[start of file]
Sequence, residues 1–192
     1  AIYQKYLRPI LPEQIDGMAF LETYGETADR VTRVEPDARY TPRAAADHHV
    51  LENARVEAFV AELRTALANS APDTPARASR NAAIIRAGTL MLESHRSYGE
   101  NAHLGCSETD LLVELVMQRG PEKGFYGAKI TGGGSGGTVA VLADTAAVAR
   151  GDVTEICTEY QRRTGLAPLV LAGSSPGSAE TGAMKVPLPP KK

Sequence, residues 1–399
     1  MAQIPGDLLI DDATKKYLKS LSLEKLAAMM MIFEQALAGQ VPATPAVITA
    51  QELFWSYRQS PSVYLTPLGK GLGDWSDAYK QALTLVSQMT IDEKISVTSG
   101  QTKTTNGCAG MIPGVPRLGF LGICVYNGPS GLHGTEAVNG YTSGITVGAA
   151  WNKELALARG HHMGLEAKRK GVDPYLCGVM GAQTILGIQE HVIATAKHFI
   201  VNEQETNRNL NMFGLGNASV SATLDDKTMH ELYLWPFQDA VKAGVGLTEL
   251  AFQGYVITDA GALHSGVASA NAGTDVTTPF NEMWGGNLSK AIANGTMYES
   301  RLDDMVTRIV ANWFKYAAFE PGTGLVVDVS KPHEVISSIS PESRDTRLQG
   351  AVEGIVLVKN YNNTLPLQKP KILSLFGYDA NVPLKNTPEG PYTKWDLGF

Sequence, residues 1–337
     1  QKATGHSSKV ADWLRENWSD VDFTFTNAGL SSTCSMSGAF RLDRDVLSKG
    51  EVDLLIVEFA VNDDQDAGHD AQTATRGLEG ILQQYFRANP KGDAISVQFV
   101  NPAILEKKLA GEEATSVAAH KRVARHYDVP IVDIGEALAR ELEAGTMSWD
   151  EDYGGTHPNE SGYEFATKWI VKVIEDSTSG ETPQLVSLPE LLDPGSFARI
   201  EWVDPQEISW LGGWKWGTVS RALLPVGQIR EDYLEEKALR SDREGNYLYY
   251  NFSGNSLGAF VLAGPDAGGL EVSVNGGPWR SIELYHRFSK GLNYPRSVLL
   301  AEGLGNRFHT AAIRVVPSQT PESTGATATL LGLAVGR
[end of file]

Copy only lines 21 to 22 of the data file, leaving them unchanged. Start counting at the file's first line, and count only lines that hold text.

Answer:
   251  NFSGNSLGAF VLAGPDAGGL EVSVNGGPWR SIELYHRFSK GLNYPRSVLL
   301  AEGLGNRFHT AAIRVVPSQT PESTGATATL LGLAVGR